The 1938 movie Boys Town tells the story of how the young hoodlum Whitey Marsh learns about democracy, authority, fair play, and friendship from the other boys in the town and from its head, Father Flanagan. Boys Town was based on the founding of a real Nebraska orphanage, whose iconic statue shows one boy carrying an even younger orphan child on his back. The motto of Boys Town, which accompanies this image, is “He ain't heavy, he's my brother.” The articulation of “my brother” helps outsiders see the act of lifting another boy (physically or metaphorically) as an obligation to be embraced, rather than as an encumbrance to be avoided. More generally, the answer to the question of “who counts as my brother?” or “who is a member of my community?” is central in a democracy where citizens debate about to whom the government should allocate resources.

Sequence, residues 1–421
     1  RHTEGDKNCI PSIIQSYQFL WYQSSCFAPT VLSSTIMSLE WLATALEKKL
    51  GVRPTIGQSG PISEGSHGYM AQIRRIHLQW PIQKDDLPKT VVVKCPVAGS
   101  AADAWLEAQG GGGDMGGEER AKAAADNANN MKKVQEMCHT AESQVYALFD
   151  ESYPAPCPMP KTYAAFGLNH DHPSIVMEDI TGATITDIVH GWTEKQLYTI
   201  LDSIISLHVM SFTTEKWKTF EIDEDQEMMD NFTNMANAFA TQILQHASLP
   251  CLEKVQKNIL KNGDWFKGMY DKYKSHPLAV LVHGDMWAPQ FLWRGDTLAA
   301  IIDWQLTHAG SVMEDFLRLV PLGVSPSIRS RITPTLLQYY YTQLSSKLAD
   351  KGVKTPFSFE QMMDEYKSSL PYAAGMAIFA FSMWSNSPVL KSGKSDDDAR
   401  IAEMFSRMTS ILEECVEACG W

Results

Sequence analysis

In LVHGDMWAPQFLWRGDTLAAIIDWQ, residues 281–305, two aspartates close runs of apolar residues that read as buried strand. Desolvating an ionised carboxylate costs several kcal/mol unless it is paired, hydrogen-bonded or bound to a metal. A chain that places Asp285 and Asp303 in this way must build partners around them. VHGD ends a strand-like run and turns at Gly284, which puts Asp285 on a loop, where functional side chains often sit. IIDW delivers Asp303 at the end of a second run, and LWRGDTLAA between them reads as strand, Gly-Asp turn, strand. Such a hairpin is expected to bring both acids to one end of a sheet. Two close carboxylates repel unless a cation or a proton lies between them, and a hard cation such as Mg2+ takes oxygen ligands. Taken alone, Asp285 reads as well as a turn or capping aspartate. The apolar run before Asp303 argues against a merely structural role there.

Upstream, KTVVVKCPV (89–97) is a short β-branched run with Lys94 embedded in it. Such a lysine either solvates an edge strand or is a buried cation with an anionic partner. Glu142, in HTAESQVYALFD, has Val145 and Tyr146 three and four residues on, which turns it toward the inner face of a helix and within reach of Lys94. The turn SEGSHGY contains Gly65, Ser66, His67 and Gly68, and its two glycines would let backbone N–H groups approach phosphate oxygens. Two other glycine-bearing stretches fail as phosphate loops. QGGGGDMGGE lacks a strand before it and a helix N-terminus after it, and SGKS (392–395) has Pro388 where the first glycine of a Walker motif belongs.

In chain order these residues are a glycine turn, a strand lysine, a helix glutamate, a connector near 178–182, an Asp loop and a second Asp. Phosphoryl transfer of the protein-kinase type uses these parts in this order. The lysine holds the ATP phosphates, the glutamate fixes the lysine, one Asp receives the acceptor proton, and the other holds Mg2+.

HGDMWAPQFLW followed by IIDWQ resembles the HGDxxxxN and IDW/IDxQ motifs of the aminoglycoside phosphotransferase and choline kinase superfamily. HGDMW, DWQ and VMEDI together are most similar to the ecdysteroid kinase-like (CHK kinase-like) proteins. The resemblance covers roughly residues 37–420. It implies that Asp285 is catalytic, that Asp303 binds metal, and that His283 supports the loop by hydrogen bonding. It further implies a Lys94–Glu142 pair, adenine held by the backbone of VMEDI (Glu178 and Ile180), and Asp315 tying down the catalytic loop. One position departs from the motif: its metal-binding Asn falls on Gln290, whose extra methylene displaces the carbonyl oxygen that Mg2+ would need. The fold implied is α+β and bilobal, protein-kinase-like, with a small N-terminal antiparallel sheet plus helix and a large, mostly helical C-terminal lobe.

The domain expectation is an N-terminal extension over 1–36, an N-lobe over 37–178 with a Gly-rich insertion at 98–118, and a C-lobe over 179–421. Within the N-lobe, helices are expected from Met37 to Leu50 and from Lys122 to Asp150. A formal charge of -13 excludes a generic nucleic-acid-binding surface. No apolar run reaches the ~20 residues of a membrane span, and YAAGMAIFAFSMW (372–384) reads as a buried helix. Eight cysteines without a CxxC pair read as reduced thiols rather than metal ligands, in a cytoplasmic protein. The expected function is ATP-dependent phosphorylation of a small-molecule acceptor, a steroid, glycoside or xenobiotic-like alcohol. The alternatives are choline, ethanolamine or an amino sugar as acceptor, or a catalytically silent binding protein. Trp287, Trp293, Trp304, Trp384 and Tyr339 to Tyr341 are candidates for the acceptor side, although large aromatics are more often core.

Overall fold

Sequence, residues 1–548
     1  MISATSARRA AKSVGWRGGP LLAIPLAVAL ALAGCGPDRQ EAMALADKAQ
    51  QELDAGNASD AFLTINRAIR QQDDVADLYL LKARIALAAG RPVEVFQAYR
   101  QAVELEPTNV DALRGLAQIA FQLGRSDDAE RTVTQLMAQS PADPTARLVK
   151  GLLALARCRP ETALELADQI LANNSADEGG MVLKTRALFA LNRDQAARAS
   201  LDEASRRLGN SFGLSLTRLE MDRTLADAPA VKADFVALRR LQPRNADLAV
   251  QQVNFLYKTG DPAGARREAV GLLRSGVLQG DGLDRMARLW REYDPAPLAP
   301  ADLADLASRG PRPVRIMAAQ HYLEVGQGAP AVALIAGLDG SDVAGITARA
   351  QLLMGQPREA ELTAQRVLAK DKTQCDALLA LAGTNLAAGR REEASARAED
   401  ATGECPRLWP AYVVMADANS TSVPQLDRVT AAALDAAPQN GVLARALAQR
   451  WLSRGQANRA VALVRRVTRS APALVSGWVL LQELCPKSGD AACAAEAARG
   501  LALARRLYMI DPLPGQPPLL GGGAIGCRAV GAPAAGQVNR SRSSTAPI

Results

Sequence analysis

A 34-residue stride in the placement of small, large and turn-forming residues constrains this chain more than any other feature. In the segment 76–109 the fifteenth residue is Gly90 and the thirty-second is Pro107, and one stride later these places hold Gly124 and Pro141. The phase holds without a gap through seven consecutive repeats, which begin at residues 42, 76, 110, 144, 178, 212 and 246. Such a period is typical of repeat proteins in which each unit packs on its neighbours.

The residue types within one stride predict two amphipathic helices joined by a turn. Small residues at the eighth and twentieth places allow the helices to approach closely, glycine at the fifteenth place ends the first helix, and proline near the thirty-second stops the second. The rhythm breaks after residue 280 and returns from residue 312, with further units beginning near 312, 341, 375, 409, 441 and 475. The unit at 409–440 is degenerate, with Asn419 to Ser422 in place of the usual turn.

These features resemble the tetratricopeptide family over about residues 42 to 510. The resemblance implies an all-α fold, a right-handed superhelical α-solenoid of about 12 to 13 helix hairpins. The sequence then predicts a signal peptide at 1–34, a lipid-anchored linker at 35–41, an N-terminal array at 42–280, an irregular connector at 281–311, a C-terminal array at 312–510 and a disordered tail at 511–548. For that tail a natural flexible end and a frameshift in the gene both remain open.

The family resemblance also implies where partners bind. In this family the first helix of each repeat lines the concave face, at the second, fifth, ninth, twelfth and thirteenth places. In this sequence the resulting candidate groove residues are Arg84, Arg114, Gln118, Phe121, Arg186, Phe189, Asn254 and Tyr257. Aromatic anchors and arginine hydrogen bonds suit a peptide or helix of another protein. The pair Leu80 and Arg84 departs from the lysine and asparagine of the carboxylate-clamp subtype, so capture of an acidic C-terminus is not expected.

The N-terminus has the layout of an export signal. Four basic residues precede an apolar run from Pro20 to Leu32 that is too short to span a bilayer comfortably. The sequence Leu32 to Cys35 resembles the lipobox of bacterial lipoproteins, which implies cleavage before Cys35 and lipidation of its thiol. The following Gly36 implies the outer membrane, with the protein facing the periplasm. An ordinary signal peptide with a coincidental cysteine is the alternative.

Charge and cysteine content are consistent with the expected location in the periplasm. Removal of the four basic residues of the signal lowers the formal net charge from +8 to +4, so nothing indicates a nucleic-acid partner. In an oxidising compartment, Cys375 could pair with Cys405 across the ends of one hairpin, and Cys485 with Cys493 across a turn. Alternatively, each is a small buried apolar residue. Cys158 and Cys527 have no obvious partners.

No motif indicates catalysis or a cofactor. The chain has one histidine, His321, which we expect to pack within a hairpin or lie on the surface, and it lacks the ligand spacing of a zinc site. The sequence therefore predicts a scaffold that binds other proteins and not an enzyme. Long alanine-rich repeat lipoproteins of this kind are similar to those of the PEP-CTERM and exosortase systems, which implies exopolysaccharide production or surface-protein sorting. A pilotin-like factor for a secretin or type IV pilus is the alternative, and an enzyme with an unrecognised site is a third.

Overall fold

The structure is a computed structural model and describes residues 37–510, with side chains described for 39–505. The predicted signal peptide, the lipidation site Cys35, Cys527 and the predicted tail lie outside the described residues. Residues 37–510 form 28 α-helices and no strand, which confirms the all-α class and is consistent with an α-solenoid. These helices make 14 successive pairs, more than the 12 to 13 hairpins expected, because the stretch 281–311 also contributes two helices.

This book provides empirical evidence for what has largely remained a theoretical discussion, showing how ordinary Americans imagine their communities, and the extent to which their communities' boundaries determine who they believe should benefit from the government's resources via redistributive policies. How do people draw the boundaries dividing Us and Them, and how do they represent these “pictures in [their] heads” (Lippmann 5)? Where the boundaries of communities are drawn depends on who someone believes to have a quality in common.
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